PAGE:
Doug Ford dodges questions about Emergencies Act inquiry
On Wednesday, Ontario Premier Doug Ford dodged questions about his refusal to participate in the Emergencies Act inquiry, arguing that the commission is a federal matter, not a provincial one.
During Question Period, the Prime Minister chose to answer a question about his decision not to testify before referring all remaining requests to Government House Leader Paul Calandra.
“From day one…for Ontario, it was a policing issue, not a political issue,” Ford said. « This is a federal investigation into the federal government’s decision to use the Federal Emergencies Act. »
His comment comes a day after Prime Minister and former Solicitor General Sylvia Jones filed court documents challenging a subpoena to appear before the commission, which is examining the use of the Emergencies Act during the occupation of Ottawa by protesters for weeks, as well as a blockade at the Canada-US borders.
The court documents claim that « the summons is inconsistent with the parliamentary privilege of MPs » and that their testimony is « not necessary for its commission ».
“Ontario is of the view that these protests were primarily inviting a police response and that police witnesses who testify can better provide the Commission with the evidence it needs,” reads an email from the lawyer for the Ministry of the Attorney General, Darrell Kloeze.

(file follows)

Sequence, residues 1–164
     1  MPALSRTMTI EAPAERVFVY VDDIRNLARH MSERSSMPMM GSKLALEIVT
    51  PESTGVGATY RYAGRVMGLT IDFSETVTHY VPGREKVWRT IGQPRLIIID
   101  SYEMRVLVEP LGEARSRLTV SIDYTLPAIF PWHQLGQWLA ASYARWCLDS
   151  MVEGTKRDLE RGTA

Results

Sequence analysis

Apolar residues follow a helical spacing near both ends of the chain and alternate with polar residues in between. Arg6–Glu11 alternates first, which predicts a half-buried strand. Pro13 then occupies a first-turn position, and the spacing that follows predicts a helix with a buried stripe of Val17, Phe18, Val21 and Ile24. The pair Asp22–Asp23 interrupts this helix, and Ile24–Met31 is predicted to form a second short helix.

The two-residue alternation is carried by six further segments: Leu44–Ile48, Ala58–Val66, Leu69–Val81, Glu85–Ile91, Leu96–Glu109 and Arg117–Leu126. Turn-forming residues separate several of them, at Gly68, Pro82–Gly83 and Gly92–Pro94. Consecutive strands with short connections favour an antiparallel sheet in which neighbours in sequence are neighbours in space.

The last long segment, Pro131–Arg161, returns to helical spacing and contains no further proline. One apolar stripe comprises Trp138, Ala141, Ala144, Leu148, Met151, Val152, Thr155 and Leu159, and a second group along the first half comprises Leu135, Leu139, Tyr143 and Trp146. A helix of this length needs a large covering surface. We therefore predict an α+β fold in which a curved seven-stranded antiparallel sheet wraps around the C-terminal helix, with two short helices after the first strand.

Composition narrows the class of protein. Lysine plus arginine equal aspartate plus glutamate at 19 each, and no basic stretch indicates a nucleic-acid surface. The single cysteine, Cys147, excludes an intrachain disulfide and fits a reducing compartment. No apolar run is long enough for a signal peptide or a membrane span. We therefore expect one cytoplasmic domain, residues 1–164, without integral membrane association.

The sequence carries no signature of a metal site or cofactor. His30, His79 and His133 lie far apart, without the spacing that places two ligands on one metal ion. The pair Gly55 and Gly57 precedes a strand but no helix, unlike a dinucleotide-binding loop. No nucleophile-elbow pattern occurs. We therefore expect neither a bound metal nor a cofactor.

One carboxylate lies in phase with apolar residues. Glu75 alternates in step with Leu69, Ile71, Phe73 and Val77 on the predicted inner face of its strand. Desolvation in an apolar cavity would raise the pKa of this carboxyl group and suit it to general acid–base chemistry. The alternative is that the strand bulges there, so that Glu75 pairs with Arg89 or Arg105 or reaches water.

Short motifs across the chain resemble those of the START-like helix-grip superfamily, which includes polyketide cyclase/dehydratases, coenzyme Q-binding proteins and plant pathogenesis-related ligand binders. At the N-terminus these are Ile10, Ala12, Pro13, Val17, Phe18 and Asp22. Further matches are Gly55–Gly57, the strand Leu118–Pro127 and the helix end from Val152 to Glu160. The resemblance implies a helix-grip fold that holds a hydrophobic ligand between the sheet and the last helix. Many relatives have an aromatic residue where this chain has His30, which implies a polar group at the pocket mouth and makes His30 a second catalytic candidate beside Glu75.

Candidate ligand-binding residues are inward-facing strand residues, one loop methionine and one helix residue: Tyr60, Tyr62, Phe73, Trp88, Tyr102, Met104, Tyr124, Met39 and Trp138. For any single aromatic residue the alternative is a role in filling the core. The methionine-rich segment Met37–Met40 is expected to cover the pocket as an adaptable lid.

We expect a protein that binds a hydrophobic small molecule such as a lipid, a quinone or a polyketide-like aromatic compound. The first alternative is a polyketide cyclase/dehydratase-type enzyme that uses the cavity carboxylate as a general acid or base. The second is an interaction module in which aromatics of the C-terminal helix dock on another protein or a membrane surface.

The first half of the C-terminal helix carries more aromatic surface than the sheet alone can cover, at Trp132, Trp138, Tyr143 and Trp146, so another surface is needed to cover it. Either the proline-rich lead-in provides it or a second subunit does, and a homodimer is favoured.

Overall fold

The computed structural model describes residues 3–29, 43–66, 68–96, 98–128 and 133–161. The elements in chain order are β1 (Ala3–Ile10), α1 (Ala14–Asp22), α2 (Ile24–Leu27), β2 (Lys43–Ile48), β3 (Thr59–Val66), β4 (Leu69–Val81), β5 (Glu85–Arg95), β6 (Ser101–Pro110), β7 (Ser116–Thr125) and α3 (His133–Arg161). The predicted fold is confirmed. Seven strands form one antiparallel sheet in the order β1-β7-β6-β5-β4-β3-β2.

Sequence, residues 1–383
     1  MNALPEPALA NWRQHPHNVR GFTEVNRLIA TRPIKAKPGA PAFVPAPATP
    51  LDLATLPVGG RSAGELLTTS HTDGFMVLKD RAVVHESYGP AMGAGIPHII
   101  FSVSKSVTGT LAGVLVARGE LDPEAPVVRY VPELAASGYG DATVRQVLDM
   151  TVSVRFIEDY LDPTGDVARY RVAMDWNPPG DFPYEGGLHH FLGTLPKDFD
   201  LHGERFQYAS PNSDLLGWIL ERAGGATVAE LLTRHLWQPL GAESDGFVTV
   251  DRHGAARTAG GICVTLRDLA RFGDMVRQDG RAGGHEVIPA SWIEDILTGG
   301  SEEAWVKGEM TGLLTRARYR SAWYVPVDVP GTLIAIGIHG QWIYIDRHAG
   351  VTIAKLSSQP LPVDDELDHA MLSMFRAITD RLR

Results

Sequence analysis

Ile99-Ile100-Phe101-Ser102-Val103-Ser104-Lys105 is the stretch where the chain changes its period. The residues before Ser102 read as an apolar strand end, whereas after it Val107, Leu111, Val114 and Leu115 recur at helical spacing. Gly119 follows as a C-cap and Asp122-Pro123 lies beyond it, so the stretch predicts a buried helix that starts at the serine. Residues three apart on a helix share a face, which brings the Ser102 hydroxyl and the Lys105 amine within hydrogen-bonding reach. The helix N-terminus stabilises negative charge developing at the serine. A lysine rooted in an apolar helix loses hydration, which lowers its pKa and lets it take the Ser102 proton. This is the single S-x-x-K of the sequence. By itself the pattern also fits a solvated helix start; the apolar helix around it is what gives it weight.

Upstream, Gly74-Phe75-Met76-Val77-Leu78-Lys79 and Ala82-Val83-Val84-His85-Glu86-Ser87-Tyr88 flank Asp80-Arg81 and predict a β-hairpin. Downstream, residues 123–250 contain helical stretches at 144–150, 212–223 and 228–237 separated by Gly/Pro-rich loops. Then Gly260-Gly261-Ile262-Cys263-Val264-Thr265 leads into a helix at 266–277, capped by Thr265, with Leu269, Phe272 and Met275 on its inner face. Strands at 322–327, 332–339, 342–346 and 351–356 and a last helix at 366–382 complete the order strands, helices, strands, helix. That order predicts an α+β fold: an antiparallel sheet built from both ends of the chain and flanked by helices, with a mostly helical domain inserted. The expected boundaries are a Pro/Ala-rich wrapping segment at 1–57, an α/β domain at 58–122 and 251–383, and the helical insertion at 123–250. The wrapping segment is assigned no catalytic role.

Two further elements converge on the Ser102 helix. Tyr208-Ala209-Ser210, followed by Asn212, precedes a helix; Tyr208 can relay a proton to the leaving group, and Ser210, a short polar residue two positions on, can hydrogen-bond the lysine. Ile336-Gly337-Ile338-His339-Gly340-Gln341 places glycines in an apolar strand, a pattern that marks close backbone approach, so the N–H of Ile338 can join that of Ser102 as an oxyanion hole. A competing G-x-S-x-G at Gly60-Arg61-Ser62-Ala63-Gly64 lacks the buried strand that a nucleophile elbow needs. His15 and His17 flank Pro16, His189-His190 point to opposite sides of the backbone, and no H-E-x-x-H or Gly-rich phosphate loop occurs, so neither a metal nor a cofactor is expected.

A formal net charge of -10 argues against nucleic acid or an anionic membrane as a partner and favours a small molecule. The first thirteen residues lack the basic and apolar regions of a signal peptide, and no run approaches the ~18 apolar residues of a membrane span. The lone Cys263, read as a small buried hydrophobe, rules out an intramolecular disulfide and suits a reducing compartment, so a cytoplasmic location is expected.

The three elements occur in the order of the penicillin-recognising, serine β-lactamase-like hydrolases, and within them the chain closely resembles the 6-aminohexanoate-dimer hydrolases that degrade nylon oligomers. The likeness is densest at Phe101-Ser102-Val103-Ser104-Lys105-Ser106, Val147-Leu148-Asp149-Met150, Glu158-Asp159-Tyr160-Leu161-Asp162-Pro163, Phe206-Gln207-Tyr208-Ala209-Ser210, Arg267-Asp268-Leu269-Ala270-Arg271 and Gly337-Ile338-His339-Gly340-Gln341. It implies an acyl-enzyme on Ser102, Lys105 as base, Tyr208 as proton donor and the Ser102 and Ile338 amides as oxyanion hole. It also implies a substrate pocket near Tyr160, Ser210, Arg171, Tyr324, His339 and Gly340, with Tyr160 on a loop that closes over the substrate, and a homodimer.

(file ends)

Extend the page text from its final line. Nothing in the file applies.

Multiple questions from opposition members were directed to the premier on Wednesday morning, but only one was answered by Ford.
Calandra spoke for him, using the same talking points as the day before, noting that deputy ministers were made available and Cabinet documents were provided to the commission.
NDP MP Marit Stiles asked why the Prime Minister is hiding behind parliamentary privilege.
« That’s hogwash and everyone here knows it, » she said.
Liberal Leader John Fraser went even further, telling reporters after Question Period that Ford’s decision not to testify was « cowardly. »
« He could win in court, » Fraser said of the premier’s legal action. « But he has already lost in a higher court, which is public opinion. »
He said several other Ontario premiers have been called to testify before a committee or public inquiry, including Kathleen Wynne, Dalton McGuinty and Mike Harris.
« They didn’t have to go, » Fraser said. “What’s so different about Doug Ford? Why is it different from the others?
« People have to trust their leaders and not show up and give you reasons or explanations or be responsible for your decisions for decisions you didn’t make is not what we expect from the Prime Minister or any member of this legislature?
Ottawa Center MPP Joel Harden pointed out that other politicians, such as the mayor and premier, have testified before the commission and that they are not police officers.
« Could someone explain to the people of Ottawa Center why these officials saw fit to respond to the call to testify before the commission, but that this Prime Minister and the minister responsible, the former Solicitor General, don’t do it?
Harden then offered to drive the prime minister to Ottawa if he changed his mind.
The Emergencies Act was invoked on February 14 by Prime Minister Justin Trudeau in an effort to end the « Freedom Convoy » protests in downtown Ottawa.